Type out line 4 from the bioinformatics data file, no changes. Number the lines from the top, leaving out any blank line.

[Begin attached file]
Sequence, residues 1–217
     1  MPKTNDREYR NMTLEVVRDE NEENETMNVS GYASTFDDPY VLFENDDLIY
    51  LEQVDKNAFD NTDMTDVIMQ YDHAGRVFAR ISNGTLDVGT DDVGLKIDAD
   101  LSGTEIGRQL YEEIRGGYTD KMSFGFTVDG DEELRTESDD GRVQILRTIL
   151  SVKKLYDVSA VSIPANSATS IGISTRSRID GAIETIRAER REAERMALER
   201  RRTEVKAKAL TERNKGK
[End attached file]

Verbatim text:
   101  LSGTEIGRQL YEEIRGGYTD KMSFGFTVDG DEELRTESDD GRVQILRTIL